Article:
Next, you should then cut the film into strips so that all of them will fit on to a single sheet of 10 x 8in paper. Clean the negatives and the sheet of glass with an anti-static cloth. Then switch off the white light and switch on the safelight.

The enlarger is a convenient light source. You should adjust the height of the head so that its beam illuminates an area slightly larger than the sheet of glass you are using. Stop down to f8 and cover the lens with the safe filter.

Then, take a sheet of printing paper and lay it, emulsion (glossy) side up, in position under the enlarger. It will not, of course, be affected by the filtered light from the enlarger. Lay the negatives, emulsion (matt) side down, on top of the paper and cover them with the sheet of glass to hold them in place.

After that, switch off the enlarger and then move the safe filter away from the lens. Switch on the enlarger again and expose the paper for 10 seconds. This should be accurate to within about one second.

You should now take the exposed photographic paper from under the glass and slide it into the developer dish with the emulsion side up.

When the paper has been in the developer for about 30 seconds the image should begin to appear and it will continue to darken for about two minutes. Agitate the paper gently during this period by rocking the dish or moving the paper about carefully with the tongs.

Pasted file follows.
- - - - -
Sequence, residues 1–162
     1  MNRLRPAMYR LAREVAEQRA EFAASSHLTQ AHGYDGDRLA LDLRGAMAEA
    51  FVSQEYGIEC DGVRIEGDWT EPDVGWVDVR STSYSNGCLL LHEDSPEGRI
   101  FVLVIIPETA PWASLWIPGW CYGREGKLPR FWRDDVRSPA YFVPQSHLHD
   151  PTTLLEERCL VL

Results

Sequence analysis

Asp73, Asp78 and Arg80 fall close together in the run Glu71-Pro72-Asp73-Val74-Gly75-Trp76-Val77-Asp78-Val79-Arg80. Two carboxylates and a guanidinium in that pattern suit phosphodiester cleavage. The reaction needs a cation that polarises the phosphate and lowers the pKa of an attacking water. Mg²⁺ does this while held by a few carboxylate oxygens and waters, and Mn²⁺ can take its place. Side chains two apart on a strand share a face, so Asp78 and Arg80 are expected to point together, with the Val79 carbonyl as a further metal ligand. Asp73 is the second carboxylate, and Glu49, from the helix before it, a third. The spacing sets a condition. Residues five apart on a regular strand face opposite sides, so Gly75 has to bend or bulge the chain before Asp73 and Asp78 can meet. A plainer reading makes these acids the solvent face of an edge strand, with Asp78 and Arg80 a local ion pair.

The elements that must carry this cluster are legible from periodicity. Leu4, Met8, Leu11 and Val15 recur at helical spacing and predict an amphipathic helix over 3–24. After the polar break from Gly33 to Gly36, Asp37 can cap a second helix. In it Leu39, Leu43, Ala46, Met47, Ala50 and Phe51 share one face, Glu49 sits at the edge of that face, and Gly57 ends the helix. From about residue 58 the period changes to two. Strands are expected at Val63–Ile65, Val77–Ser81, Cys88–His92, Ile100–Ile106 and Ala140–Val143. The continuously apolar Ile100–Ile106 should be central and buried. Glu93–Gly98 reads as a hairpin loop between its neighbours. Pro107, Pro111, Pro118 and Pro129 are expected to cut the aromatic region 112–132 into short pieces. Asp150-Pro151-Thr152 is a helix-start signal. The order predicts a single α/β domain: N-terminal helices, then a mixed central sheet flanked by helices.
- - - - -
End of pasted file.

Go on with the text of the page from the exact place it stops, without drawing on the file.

After the correct time, the image will reach a stage where it does not change its density very much. At this point, remove the sheet from the developer and let the liquid drain off.

When the developer solution has drained off the paper, take the second pair of tongs and transfer it to the stop for 15-30 seconds.

Next, transfer the print from the stop bath to the fixer. After about a minute the white light may be switched on and the print can be examined.

You should now transfer the print to the wash and keep it there face down for 30 minutes, or at least twice as long for double-weight paper. If you are using resin-coated paper, it need only be for five minutes.

You should now dry the finished print. If you use a squeegee roller or photographic blotting paper to remove excess water, you should take care not to get dust on to the surface, which will remain tacky until the print is dry.


Try this exercise: Exercise 1



Sequence, or order, is important in giving instructions. The table blow shows some common expressions used.


The first step is

First of all,

The first stage is

To begin with,

. begins with


. commences with


Before this,


Prior to this,


At the same time,



When this happens


Secondly, Thirdly etc

After this,


The next step is


In the next stage,


In the following stage,


Following this,

As soon as the committee has finished its work, .


. until .


. finishes with .


concludes with

In the last stage,

The last step is .

Manner – how something is done

in such a way that…

slowly, carefully, etc

with care/precision

in a careful way/manner

Purpose – why something is done

so as to …

so as not to …

so that …

in order to …

in order not to …

Print Friendly, PDF & Email